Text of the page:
Most employers these days talk about having workforce diversity oriented policies that support hiring people living with disabilities and chronic diseases, but what distinguishes rhetoric from reality? What in positive, practical terms can companies do in support of helping people living with visible or invisible challenges find and keep gainful employment?
Using multiple sclerosis (MS) as an example, people living with MS typically battle symptoms like fatigue and body temperature regulation issues that can pose challenges in the workplace. Statistically, half of persons already employed at the time of their MS diagnosis will join the ranks of the unemployed within ten years according to metrics cited by drug-maker multinational Novartis Pharmaceuticals. The operative question is in this instance is: “how can employers help young people living with MS not only find employment, but more importantly, keep their jobs?”
The campaign theme for World MS Day 2015 on May 27 was access. Equality of access doesn’t just mean physical access to buildings, but access to the same tools, services, facilities, and opportunities people who don’t have MS enjoy, such as access to diagnosis, treatment and support; access to buildings, travel and leisure facilities; and access to education, training and employment.
Seventy percent of persons with MS are diagnosed between the ages of 20 and 40, and most are employed at the time. The average age of diagnosis for MS is currently around 29 years but as awareness of this disease and its ramification grows and healthcare facilities improve more and more persons with MS are being diagnosed earlier in life, in some some cases even before the age of 20. Among those who have jobs when they’re diagnosed, half will be unemployed within three years.
One contributing factor to that is lack of awareness on the part of many employers regarding what are often very basic or only moderately disruptive adaptations people with common MS symptoms like fatigue, bladder control issues or blurred vision will need to make in order to cope. In other instances it boils down to willingness of the employer to give young people with multiple sclerosis the opportunity they need to successfully negotiate the hurdles posed by MS. When that willingness is absent, everybody loses: the directly affected lose out on earning an income and the sense of independence that goes with that, while inflexible employers lose the potential persons with MS have to offer in the workplace, and society loses valuable contributors.
The five most important measures cited by persons with MS as enabling factors for their continued ability to stay in the workforce are stabilized symptoms assisted by effective treatment, supportive employers and colleagues, seated work, flexible working hours, and computer adjustments to accommodate their condition.
In aid of putting pro-active substance behind its employment diversity affirmation, Novartis Pharma has teamed up with the European Multiple Sclerosis Platform (EMSP) organization — the voice of people with MS in Europe — and joined their Believe and Achieve program as a corporate partner, providing employment placements for young people living with MS. Through this program, participants have the opportunity to work as a trainee for a minimum of six-months through a paid, supported, and mentored work-placement with an EMSP corporate partner.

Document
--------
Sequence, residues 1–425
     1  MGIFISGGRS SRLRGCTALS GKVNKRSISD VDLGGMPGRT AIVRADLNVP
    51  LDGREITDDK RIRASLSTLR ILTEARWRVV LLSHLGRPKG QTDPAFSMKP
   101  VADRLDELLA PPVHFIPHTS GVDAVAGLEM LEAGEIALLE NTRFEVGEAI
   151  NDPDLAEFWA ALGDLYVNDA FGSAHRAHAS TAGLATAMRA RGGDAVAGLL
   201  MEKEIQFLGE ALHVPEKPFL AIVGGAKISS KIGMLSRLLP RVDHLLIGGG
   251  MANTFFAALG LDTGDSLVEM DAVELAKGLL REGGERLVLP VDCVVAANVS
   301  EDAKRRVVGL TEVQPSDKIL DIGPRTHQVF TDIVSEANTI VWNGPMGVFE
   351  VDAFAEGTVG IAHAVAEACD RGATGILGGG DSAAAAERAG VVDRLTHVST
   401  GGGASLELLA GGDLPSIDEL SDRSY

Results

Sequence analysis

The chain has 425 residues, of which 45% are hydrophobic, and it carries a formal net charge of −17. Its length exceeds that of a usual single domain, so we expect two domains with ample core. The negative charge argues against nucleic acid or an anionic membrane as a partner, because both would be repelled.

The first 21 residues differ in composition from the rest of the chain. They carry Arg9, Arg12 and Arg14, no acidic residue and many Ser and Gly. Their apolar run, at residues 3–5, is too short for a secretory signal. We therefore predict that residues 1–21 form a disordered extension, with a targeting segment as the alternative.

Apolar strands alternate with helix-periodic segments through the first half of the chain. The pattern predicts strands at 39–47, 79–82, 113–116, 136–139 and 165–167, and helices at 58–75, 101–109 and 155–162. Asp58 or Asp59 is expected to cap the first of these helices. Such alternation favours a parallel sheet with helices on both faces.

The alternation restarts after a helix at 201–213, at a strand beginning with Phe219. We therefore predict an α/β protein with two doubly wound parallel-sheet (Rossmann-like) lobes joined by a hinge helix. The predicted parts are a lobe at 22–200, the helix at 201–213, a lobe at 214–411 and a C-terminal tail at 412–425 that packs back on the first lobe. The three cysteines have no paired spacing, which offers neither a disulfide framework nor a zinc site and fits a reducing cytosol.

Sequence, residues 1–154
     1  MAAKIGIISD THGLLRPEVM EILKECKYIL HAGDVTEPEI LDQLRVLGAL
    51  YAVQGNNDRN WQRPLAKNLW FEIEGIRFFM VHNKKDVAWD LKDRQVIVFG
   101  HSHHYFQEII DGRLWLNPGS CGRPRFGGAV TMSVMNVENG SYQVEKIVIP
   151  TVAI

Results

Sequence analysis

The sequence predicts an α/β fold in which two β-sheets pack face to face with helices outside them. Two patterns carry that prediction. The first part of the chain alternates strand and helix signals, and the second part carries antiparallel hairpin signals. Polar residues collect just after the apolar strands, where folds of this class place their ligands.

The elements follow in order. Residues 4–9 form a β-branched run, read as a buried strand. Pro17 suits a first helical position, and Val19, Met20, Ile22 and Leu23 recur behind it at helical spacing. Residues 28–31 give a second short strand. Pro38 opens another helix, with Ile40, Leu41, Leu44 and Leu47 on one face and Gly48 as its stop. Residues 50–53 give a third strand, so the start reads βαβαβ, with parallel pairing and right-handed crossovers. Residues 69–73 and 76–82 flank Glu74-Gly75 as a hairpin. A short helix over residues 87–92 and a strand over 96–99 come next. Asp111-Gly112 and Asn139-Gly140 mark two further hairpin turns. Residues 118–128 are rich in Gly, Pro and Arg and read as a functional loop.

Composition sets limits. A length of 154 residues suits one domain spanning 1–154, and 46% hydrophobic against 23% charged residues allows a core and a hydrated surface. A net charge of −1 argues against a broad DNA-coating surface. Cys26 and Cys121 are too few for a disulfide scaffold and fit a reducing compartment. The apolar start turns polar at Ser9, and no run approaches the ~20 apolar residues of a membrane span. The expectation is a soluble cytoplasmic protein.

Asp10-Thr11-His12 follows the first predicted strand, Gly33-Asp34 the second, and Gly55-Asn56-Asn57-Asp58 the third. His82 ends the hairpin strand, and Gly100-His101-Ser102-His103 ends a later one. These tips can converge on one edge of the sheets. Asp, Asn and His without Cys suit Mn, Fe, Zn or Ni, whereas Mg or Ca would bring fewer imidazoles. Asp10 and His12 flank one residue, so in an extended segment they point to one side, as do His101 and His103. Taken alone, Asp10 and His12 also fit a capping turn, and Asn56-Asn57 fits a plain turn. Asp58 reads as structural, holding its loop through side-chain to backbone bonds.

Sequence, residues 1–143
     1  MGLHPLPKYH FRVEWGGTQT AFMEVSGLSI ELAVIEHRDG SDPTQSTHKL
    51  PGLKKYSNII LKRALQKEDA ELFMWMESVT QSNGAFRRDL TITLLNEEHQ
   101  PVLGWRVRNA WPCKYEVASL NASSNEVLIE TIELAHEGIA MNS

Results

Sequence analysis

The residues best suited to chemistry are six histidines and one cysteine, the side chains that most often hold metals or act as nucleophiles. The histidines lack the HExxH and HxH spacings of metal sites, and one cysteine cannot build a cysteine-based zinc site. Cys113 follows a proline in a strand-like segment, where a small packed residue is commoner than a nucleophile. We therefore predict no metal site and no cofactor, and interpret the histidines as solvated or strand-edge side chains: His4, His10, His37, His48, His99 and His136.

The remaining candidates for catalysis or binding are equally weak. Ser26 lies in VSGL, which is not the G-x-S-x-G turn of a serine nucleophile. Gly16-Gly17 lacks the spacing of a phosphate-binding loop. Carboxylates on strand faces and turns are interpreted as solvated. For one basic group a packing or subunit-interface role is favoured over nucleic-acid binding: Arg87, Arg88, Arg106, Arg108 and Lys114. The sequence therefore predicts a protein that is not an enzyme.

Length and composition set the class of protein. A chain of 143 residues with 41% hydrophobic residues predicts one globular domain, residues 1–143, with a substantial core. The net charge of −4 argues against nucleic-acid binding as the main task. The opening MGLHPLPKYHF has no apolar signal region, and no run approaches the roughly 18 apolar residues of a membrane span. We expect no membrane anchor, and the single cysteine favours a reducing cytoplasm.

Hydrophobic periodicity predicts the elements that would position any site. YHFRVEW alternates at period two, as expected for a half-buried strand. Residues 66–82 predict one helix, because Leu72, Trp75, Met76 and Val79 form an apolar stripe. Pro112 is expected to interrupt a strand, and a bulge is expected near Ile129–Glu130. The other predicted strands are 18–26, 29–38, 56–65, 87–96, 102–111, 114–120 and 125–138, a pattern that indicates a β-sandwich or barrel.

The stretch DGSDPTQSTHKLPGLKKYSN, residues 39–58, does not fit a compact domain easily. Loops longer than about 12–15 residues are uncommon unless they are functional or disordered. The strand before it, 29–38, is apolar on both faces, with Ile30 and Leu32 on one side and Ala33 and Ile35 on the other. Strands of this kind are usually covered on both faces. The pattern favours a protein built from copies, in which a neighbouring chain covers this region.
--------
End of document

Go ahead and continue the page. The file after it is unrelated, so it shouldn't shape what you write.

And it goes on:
EMSP says that businesses that opt to involve themselves with Believe and Achieve will discover that becoming a partner and supporter of this project will mean great deal more than simply offering a helping young people in disadvantaged circumstances a helping hand. EMSP believes that businesses will also benefit in terms of human resources, positive national and international media coverage and an enhanced public relations image, to mention some key examples of advantages in participating.
Involvement in Believe and Achieve will boost a company’s brand image by promoting participating forms as equal opportunities employers – not only in lip-service but in demonstrable practice. In a many cases, all a young person with MS needs in order to kick-start a productive and successful career is the opportunity.
Believe and Achieve will provide the opportunity to employers to promote their organisation as an outstanding best-practices-implementing employer. Making the minor required adaptations to can create an appropriate working environment for young people with MS will benefit both parties, and EMSP will support employers’ specific efforts by providing the know-how in terms of MS workplace adaptations.
Establishing Bridges To MS Communities
Moreover, by recognizing the value of diversity, a company can expand its market potential and appeal. EMSP notes that establishing linkage with young people who have MS also means establishing bridges to entire MS communities represented by 38 national MS organisations in 34 European countries. Collaboration with EMSP can consequently facilitate access to a very broad talent pool and with that, open access to new business opportunities.